One day, the protagonist’s dog drags him into a copse of trees where he happens upon an attractive neighbour giving a blowjob to what appears to be a hugely well-endowed statue. Shocked and appalled, the writer is rooted to the spot until the statue starts beckoning him over at which point he turns and runs home. Licking his wounds and desperately trying to convince himself of the unreality of what it was he just saw, the author keeps returning to the fact that while he was terrified by what he saw in the woods, he was also turned on.

Straight out of the gate, Keene situates us in the realms of fragile masculinity: The doughy, not particularly successful author who sits at home all day while his wife goes out and works a real job. The pathetic rules and rituals the author abides by to grant him the illusion of professionalism. The straight man’s reluctance to recognise or even acknowledge an ounce of curiosity about anonymous public sex.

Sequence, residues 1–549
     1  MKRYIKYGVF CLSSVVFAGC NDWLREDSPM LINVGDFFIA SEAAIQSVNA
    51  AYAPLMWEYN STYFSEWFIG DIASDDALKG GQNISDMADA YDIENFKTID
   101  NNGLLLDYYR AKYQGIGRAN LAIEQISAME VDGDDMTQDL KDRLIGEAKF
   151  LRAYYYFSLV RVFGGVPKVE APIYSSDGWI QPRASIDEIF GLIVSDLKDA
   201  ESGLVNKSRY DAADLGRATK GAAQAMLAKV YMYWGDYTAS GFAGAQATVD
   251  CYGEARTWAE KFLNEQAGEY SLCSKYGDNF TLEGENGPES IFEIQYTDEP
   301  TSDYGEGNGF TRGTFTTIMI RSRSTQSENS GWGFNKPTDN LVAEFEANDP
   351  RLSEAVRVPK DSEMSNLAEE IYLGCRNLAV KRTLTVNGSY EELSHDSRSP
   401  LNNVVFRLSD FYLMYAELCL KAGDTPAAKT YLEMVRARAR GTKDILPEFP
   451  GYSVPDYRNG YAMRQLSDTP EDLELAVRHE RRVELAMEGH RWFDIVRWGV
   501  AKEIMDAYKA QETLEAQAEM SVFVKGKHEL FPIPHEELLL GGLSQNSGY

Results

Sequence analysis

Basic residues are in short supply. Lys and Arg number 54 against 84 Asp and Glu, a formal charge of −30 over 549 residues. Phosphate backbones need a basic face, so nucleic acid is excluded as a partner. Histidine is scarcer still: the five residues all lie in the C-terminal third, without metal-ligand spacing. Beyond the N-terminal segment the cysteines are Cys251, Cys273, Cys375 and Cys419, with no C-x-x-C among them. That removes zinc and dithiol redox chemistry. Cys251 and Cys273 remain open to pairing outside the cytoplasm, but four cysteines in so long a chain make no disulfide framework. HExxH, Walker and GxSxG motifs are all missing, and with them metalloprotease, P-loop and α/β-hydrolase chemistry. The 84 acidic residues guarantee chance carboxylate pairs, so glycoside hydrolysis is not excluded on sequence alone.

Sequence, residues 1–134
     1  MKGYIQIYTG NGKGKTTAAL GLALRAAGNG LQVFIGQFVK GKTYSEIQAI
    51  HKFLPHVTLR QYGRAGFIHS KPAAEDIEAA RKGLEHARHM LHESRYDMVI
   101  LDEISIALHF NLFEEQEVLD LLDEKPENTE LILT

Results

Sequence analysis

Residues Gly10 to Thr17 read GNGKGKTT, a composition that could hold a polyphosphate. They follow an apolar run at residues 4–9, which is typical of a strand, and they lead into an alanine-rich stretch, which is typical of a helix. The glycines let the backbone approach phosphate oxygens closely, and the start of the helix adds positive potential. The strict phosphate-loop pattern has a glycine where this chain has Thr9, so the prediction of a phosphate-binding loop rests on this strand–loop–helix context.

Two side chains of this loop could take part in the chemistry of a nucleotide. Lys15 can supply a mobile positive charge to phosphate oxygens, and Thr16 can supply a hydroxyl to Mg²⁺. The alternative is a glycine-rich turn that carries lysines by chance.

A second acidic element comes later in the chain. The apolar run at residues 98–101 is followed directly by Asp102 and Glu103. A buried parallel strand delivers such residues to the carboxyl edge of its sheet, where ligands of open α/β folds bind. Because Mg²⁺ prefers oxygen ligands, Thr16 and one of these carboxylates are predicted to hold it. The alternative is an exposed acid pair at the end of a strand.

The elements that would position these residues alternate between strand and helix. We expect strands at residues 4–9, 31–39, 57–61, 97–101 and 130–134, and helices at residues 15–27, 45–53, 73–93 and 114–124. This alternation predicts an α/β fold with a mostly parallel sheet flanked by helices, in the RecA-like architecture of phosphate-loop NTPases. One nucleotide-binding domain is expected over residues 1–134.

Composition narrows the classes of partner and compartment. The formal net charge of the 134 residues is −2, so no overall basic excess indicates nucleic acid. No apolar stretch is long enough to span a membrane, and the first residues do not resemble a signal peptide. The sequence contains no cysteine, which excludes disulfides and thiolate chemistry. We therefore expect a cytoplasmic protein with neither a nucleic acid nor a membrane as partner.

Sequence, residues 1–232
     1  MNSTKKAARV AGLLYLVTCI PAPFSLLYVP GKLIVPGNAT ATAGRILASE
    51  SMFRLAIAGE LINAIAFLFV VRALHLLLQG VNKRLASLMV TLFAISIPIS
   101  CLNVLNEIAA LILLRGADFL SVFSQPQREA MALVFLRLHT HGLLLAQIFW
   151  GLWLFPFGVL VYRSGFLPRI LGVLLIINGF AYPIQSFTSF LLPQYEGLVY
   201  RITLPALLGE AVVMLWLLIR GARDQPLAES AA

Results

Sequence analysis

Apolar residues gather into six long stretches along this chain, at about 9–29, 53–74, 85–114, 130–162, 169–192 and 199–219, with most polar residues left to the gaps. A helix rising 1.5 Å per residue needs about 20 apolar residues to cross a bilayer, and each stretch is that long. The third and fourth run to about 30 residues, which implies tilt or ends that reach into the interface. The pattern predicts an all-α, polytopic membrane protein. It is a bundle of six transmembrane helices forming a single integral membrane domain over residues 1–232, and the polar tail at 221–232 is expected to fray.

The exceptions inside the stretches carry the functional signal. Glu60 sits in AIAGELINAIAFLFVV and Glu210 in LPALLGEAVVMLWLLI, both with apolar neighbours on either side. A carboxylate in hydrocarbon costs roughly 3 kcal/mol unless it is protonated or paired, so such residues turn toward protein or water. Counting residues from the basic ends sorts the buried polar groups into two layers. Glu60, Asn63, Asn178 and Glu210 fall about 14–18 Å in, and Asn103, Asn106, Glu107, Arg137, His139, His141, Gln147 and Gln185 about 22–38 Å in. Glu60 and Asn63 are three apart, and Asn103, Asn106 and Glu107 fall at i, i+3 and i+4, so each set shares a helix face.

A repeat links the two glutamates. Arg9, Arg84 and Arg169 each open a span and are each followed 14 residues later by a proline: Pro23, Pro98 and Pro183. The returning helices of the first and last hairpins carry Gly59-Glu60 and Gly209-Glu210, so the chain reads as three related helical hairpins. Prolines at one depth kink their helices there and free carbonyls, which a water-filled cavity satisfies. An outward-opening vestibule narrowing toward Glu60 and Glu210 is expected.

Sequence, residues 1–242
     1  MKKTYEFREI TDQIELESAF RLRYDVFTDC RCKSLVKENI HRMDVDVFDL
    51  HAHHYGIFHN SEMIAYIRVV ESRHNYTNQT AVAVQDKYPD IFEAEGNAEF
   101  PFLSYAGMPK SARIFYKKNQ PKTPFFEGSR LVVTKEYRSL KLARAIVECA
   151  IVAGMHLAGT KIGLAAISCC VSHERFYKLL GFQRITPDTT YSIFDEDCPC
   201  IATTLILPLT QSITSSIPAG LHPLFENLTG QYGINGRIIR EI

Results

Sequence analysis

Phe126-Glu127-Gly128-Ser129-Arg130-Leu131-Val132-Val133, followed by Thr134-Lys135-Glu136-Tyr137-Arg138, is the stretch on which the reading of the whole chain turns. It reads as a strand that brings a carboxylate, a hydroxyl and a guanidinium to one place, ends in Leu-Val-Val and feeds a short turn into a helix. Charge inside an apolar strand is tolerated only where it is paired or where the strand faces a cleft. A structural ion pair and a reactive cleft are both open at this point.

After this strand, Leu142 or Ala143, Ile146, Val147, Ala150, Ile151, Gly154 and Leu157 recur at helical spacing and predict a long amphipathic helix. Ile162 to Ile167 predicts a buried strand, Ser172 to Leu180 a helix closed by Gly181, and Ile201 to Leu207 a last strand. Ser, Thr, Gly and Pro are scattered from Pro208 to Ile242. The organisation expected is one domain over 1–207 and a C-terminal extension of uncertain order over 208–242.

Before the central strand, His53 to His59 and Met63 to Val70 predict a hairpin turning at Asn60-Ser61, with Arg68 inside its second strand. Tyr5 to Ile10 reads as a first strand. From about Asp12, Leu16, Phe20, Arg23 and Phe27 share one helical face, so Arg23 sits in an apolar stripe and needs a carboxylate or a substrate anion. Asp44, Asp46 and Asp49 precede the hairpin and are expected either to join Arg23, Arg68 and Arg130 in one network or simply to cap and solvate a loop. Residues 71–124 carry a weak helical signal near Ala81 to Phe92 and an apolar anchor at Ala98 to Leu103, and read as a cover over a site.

The author spends days trying to scrub this memory from his mind until the cops turn up and start asking questions as it turns out that his attractive neighbour is not the only woman who has disappeared off into the trees.

Doughy not-particularly-successful author turns out to be on pretty good terms with his neighbours and events in the neighbourhood force them into a group filled with bantz revolving around the other guys’ physical and sexual inadequacies. This beta-male bonding session soon bears fruit when their wives start hearing mysterious pipe music and wanting to go and join their mystical lover in the woods.